The lone policeman sitting in his car waved us a cheery goodbye as we left the occupied land at Ihumātao last Saturday.
• Council calls for urgent meeting over 'grave' situation at Ihumātao housing development site
• Premium - Jane Trask: Let's get behind those protecting Ihumātao for future generations
• Mike Hosking: Government should forget about Ihumātao
• Fletcher seeks urgent talks on Ihumatao stalemate
My friend, her second visit, said this was in stark contrast to the rally she went to at Ihumātao in August. The place was crawling with police.
They blocked off the road leading to the campsite to all vehicles, making the masses walk quite a distance.
This didn't deter the thousands who turned up. Talking to protest leader Pania Newton, she said 11,000 people visited Ihumātao that weekend.
They were there to demonstrate and show their support to prevent the eviction of those occupying the land.
Pania is a member of SOUL (Save Our Unique Landscape) and through her efforts has brought to our Nation's attention the case for Ihumātoa.
I wasn't able to attend that weekend but wanted to make the effort to visit at some stage. I'm pleased I did.
My friend and I had Pania's undivided attention. There was just the three of us. Pania, a qualified lawyer, gave us a tour of the area and explained its rich history.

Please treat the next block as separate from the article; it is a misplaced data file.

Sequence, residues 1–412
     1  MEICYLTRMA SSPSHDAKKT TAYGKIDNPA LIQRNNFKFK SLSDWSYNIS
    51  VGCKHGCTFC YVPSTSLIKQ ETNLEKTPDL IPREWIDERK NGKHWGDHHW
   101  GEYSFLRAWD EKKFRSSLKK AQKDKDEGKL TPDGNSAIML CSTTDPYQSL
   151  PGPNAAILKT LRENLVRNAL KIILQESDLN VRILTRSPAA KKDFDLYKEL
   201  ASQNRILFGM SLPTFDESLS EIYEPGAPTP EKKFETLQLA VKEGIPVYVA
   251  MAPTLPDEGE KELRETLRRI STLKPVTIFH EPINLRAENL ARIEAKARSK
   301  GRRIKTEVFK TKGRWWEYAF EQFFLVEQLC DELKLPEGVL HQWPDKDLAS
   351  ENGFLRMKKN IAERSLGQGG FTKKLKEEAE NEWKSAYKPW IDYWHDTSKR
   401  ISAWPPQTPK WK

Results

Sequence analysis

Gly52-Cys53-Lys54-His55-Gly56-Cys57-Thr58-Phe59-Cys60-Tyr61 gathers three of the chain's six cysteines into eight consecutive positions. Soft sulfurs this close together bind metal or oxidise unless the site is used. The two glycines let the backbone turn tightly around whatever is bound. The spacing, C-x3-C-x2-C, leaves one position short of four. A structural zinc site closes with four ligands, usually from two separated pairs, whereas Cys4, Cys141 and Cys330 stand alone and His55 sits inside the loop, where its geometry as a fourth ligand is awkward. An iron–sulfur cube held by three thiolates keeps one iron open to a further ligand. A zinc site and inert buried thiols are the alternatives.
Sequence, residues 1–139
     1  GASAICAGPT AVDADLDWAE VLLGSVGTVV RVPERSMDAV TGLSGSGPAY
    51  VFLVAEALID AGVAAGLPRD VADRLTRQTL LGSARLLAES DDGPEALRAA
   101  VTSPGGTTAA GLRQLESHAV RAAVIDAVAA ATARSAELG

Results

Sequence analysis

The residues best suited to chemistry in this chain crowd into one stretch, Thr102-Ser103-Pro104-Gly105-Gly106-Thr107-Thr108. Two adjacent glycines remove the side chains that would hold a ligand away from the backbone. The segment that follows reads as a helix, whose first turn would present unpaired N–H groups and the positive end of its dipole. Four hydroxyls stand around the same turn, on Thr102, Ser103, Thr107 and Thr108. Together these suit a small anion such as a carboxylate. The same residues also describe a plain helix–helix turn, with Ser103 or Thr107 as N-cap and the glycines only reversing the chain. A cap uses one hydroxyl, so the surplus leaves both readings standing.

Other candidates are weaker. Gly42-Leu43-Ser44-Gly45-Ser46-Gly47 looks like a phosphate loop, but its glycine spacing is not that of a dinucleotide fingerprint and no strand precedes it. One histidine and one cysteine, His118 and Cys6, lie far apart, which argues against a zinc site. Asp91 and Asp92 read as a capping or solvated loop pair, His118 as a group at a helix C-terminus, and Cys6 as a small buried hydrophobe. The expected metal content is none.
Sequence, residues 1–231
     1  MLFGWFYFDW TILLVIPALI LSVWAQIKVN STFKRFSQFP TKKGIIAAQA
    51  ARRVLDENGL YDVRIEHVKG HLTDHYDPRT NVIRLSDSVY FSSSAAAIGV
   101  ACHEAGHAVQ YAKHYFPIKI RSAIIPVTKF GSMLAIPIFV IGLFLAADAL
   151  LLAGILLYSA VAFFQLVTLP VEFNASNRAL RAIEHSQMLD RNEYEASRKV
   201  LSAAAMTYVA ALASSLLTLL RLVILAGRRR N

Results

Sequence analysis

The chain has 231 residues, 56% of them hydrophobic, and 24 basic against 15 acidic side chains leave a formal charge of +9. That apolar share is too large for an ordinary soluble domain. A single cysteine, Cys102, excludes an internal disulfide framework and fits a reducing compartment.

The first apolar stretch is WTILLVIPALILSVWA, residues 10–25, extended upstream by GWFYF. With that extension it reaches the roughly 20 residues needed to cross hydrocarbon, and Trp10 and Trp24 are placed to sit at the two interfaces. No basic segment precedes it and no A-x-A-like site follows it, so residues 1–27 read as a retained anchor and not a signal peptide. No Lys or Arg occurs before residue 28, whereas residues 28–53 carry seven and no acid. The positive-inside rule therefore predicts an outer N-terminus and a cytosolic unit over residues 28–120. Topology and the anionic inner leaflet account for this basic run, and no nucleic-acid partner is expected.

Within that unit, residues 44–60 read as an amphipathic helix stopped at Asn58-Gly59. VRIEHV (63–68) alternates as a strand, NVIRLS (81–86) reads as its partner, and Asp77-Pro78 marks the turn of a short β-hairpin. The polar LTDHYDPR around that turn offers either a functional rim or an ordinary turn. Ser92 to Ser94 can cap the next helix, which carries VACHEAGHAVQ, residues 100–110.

Ihumātao is in the rural area in Mangere, bounded by the Manukau Harbour. It covers 200 hectares of lava fields of which 100 are on the Otuataua Stonefields Historic Reserve.
It is believed to be one of the first places where Māori in Tamaki Makaurau settled, farmed and thrived. Pania's marae is just down the road where she grew up surrounded by family.
We were joined by an elderly gentleman from Glendowie.
He had just dropped his son off at the airport and called in with two bags of groceries. I asked him what had prompted him to do that.
He said over the years he had watched Māori TV and this is when he realised he didn't understand most of the important issues Māori were concerned about and raising.
He has taken the time to familiarise himself now and continues to learn. He also wants his grandchildren to know more about the history of their own country.
I was interviewed on TV last week and was asked if I thought the Prime Minister should have visited Ihumātao by now.
I believe she should have. Of course, she has her advisers and they have obviously said: "Don't go near the place."
I can recall Theo telling me "always show up with a willingness to listen".
You may not agree, or even understand, but people respect the fact that you showed up.
The Prime Minister should have trusted her own instincts. I always thought this was one of her strengths.
Pania told me she has spent the past four Christmases at Ihumātao.
Now looking forward to becoming a mother early in the new year, she hopes this will be her last as an occupier.